Getting closer to business operations is tremendously useful for security to learn to speak their language. But it means security experts need to pick up domain knowledge that they might not have had before. No matter what business you support, everyone in security needs to get to know cloud platforms.

Security on the cloud is far from standardized yet but there are some serious developments underway. “AWS re:Invent” is a virtual conference happening now and will launch many new cloud-native security controls. Microsoft already has over 1,000 cloud-native security controls for Azure.

The lack of standardization means you should use open standards wherever you can, such as the DXL data exchange format. Open standards tend to become the general standard.

4) Automated Processes

Airplanes are heavily automated, capable of flying themselves between takeoff and landing. Modern pilots don’t constantly adjust the controls, they monitor the plane and intervene when necessary. Security is becoming automated in a similar way.

Humans evolved to be managers. First we managed animals and other humans, now we manage machines. But only the latest generation of security tools are “born with” the kind of automation that can easily enforce policies without human involvement, such as automatically deleting a hazardous file in a container. Fully automated SOCs won’t come next year. But they’re on the horizon.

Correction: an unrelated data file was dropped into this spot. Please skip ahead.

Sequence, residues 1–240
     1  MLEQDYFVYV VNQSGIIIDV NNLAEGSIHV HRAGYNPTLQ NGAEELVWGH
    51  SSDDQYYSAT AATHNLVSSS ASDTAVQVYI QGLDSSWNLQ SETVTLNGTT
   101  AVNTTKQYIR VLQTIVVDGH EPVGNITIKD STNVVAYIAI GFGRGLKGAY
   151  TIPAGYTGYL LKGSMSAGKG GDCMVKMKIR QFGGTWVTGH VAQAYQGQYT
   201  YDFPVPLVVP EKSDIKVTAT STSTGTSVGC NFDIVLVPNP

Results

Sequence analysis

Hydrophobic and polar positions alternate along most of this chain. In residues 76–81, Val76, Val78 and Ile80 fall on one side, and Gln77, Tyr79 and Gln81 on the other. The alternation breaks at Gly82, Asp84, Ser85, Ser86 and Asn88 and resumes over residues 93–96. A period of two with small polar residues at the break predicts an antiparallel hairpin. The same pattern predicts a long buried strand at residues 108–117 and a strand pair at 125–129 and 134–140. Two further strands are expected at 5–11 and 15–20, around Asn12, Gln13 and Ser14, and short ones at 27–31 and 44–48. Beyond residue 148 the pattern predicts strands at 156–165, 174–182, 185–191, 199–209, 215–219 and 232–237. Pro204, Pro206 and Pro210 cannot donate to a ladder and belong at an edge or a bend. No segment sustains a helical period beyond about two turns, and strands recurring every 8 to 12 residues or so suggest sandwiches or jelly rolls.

5) Best Practices for Adopting the Four Characteristics

To avoid the costs of moving and reformatting a lot of data:

  • If you’re generating data in the cloud, leave it in the cloud! Don’t pay to move it into your data center.
  • Use tools that have federated data search capabilities, so that you can search more than one data source at once.
  • Use tools that are grounded in open standards and can interact with each other, so you don’t have to move data between formats.

When pioneering new processes:

  • Buy tools that allow you to use your own in-house AI or machine learning. Acquisitions for other people’s AI or ML often end up with tools that don’t fit your exact needs.
  • Try piloting just-in-time expertise with just one function, one process. Don’t try to implement it everywhere at once.

So in summary, there are so many lessons from 2020 to put into practice for 2021. If you’re a human reading this, make sure to take full advantage of automation and skip carrying out the repetitive tasks. Where you are automating, consider machine learning to monitor the automation and filter out excessive notifications. Cloud platforms aren’t standardized yet so use open standards where you can and consider bringing in just-in-time expertise.

And if you’re a robot reading this, remember I said such flattering things about you when you carry out the singularity.

Article originally published on Medium: READ HERE

Deika Elmi's headshot

Deika Elmi is an innovative security professional who forecasts the future of business and creates clear strategies to get ahead of burgeoning trends. With 20 years of experience, she builds security in and across all operational processes, and is passionate about security communication and advocacy. Her expertise spans third-party management and risk, changing global government cybersecurity demands, and consumer privacy expectations.